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Commentary: Dealing with prejudice

By David Magallanes

Prejudice has not been a major problem in my life — at least as far as I know. I’ve brushed against it throughout my lifetime, as we all have in one form or another, whether because of our color, religion, politics, or orientation of one kind or another. I’d like to say that I’ve never experienced malicious prejudice, but then I’d have to check the tint of my rose-colored glasses.

Actually, my first awareness of prejudice came from my parents’ stories about their experiences, as well as those of their parents — my “abuelos.” All four of my grandparents had arrived in the U.S. (legally) at about the same time with little preparation, due to the frightening and hurried circumstances of their departure from Mexico.

They spoke no English and relied heavily on their children to translate, once those children had enough education to do so. One of my grandmothers was always “shadowed” closely by department store staff when she went shopping in those establishments because they seemed to assume that she was going to steal something.

All of my grandparents were devout Catholics. One of my grandfathers was actually ousted from a “white” Catholic church in Los Angeles and told to go to the “Mexican church” further down the street.

Then it was my parents’ turn. When they were growing up, Mexicans were still a relatively new phenomenon in parts of Los Angeles (which is really hard to imagine now), and they were often treated as if they were “colored” — just as the blacks were being treated in other parts of the country at the time.

When my father returned from invading Normandy, France, and fighting the Nazis in Germany and Belgium during World War II, he tried buying a home with my mother in Whittier, to the east of Los Angeles. He was told that there were “no more homes for sale” in this white enclave, when in fact other (white) returning soldiers were still buying.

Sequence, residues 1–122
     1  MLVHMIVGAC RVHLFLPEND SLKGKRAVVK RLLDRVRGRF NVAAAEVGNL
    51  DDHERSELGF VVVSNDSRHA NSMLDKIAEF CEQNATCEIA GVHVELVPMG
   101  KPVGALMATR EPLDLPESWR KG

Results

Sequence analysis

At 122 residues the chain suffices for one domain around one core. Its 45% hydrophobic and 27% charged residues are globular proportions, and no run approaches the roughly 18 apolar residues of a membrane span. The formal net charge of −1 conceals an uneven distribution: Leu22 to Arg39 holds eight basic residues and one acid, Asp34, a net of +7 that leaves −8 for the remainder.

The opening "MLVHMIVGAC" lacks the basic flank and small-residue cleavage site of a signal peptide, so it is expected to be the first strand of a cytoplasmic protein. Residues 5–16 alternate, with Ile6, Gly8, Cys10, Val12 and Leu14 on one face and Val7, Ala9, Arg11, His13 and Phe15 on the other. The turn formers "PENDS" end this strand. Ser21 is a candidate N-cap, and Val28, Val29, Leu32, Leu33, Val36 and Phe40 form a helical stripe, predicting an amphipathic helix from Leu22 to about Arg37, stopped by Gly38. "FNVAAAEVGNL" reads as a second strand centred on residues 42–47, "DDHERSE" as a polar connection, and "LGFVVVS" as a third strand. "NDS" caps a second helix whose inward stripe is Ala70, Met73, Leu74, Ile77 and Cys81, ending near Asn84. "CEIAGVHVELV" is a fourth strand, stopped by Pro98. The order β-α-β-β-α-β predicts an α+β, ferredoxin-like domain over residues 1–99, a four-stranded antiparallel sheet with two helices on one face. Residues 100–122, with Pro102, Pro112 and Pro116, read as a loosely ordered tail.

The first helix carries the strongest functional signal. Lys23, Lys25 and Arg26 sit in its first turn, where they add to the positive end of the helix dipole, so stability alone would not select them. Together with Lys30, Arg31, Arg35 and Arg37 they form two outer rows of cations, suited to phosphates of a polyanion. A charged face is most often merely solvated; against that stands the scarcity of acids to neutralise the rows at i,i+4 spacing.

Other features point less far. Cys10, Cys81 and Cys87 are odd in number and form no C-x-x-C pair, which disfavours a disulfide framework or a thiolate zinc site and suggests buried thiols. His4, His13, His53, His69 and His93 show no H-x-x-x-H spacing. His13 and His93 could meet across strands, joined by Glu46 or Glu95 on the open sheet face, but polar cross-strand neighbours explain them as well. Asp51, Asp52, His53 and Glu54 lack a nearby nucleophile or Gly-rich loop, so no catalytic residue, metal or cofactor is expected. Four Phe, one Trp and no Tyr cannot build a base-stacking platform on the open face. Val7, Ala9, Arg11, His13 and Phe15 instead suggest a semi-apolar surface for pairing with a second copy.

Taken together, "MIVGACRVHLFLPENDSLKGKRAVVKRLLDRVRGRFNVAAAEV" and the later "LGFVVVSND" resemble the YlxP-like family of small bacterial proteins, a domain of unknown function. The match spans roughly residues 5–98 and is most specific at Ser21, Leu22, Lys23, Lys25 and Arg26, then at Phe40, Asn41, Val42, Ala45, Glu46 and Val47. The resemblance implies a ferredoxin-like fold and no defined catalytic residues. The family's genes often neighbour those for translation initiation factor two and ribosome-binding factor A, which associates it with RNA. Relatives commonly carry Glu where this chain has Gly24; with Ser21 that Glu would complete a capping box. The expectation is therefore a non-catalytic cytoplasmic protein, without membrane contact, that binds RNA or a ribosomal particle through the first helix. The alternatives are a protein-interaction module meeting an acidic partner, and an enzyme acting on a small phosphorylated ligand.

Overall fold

My uncle was given the same line. It’s ironic that Whittier now is probably more Mexican than Mexico City. Both my dad and my uncle finally settled in Lynwood, where they were “accepted,” and were amongst the first “Mexicans” to live there. Now — you guessed it — that’s about all there is in Lynwood!

Another uncle had told me about seeing restaurants in Texas where neither dogs nor Mexicans were allowed. He said he wasn’t about to go in. I was starting to become aware that we could be as American as apple pie and baseball, but as long as we looked “Mexican,” there was always the potential for unnecessary and hurtful problems.

My siblings are relatively fair-skinned (and two of them are even blue-eyed, as was one of our grandmothers), but even they didn’t escape the scourge of prejudice. One of my sisters, who is blondish and blue-eyed, was humiliated in front of her fifth-grade class by the Irish monsignor, who admonished her not to eat too many tortillas.

And then it was my turn…

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